By Paul A. Anthony, Editor in Chief
Congress postponed discussion of a plan Wednesday that would cause a major shake-up of Students’ Association structure.
The meeting was prefaced by an apology from Jeremy Smith, SA executive president, who said he had stepped over the line in his defense of the proposal during last week’s question-and-answer session.
“Last week, I blew my cool,” Smith said, reading a prepared statement. “I was offensive; I was downright rude. I apologize. That’s not who I am.”
Smith later challenged Congress to come up with a better plan while suggesting members take a week to think about it.
“It’s pretty obvious after last week’s meeting that SA is not ready right now to take the next step,” Smith said. “I thought after weeks of looking at it that it was a pretty good idea, but it’s not.”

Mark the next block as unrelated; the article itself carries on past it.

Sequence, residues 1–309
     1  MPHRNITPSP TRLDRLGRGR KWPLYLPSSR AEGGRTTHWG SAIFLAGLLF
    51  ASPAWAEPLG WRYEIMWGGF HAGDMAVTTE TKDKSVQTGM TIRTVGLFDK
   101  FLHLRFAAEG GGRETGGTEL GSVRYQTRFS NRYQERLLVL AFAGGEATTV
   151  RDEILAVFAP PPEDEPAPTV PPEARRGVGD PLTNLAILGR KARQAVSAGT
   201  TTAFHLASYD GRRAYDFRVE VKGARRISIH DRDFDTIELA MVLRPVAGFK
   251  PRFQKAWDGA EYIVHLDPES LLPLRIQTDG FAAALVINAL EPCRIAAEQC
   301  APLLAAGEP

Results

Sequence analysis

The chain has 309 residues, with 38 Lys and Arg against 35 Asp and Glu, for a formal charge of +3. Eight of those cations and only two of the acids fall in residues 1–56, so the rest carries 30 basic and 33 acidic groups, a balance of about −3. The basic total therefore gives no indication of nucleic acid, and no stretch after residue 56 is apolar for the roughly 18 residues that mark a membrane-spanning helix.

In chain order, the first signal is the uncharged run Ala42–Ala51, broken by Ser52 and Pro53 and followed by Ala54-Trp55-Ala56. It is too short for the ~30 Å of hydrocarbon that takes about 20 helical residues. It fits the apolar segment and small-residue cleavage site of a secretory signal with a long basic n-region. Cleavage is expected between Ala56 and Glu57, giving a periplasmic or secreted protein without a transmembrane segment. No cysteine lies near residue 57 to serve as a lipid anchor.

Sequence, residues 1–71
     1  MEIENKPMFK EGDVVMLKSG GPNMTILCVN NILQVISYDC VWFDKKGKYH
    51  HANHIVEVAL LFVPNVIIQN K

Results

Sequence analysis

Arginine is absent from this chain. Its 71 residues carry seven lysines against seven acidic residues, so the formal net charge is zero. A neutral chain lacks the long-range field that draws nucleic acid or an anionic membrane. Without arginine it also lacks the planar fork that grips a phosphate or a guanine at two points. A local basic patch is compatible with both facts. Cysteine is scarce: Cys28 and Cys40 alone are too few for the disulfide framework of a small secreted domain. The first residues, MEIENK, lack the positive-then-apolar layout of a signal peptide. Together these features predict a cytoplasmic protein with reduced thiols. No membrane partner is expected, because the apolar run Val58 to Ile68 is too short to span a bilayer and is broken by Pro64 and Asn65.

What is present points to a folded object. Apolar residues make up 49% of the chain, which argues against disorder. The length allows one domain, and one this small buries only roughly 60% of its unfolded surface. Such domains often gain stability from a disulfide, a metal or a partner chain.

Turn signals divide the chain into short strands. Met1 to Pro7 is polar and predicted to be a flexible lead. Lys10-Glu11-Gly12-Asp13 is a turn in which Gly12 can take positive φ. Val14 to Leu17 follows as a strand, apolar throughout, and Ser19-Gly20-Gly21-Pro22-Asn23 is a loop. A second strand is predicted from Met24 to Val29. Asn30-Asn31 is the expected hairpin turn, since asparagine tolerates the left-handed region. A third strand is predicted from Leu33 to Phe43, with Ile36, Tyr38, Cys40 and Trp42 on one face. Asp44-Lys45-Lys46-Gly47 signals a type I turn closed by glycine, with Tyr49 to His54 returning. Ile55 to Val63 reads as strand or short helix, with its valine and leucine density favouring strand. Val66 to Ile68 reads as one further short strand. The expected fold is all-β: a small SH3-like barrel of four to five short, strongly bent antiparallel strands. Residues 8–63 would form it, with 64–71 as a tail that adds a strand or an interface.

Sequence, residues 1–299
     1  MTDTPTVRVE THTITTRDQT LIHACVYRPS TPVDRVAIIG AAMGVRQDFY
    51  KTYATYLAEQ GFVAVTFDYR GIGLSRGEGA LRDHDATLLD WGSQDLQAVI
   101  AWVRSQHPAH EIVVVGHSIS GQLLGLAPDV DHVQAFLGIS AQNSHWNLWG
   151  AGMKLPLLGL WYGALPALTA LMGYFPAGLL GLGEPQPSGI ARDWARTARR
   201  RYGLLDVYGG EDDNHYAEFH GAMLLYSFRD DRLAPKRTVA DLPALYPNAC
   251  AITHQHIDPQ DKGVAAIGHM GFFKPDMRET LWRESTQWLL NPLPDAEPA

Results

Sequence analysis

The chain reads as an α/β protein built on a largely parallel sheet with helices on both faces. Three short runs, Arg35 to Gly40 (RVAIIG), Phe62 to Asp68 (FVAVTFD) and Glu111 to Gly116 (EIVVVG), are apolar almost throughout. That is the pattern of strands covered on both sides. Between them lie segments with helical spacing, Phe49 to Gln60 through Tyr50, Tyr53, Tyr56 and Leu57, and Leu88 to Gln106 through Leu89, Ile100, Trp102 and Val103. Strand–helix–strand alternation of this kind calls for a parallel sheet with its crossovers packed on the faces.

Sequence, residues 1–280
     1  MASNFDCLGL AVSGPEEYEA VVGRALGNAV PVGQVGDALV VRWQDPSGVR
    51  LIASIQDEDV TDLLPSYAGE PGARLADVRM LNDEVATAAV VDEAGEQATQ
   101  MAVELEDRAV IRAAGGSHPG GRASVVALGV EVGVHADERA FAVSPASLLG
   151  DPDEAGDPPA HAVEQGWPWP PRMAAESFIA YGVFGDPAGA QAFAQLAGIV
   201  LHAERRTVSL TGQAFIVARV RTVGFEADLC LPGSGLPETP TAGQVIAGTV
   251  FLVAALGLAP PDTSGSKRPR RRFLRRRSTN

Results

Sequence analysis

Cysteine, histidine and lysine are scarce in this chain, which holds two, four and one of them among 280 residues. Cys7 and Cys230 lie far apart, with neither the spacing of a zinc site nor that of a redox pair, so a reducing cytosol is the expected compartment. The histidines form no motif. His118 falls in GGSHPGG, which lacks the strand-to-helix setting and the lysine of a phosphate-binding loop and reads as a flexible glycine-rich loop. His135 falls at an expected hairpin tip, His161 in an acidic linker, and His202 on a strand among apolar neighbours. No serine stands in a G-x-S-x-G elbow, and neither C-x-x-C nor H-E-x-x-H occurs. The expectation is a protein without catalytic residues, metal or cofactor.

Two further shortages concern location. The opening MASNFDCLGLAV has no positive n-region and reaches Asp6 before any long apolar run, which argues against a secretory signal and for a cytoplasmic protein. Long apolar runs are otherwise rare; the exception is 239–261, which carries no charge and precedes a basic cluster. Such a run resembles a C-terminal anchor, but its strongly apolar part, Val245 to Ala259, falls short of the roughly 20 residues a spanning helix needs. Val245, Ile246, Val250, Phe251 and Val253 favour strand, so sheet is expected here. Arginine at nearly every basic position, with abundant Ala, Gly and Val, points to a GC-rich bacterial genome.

Smith and the other executive officers had put together a plan elevating all student groups to the level of SA committees, removing them from the supervision of the executive officers, making advocacy the sole responsibility of all voting members and creating an SA endowment fund.
The plan faced widespread opposition from many committee chairs, who objected to being placed under an adviser in the university administration, and from most class officers, who objected to the removal of their activity-planning role.
Smith lobbied for the plan throughout the week but apparently became convinced he did not have enough congressional support to make the plan a reality. He said many people had told him they did not like the proposal but could not offer an alternative.
“My suggestion is we take the next week to ask yourselves this question,” Smith said: “Should SA serve the entire student body, and do we serve the entire student body?”
Congress approved four grants made by the Appropriations Committee this week. Two honors societies, Mu Phi Epsilon and Sigma Tau Epsilon, received funds, as did Gamma Sigma Phi and Wildcat Kids. A total of $1,542.27 was granted, leaving $1,152.50 remaining in the Student Request Fund.
Congress also approved Johnathan Eaves, freshman high school education major from Golden, as McKinzie Hall’s new representative.